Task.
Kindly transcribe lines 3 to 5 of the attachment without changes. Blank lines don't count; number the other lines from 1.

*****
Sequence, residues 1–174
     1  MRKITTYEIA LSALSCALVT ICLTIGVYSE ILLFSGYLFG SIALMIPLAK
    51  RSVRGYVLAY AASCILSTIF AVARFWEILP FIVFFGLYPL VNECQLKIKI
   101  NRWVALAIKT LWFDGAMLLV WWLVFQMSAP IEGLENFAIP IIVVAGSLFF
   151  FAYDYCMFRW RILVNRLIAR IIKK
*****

    51  RSVRGYVLAY AASCILSTIF AVARFWEILP FIVFFGLYPL VNECQLKIKI
   101  NRWVALAIKT LWFDGAMLLV WWLVFQMSAP IEGLENFAIP IIVVAGSLFF
   151  FAYDYCMFRW RILVNRLIAR IIKK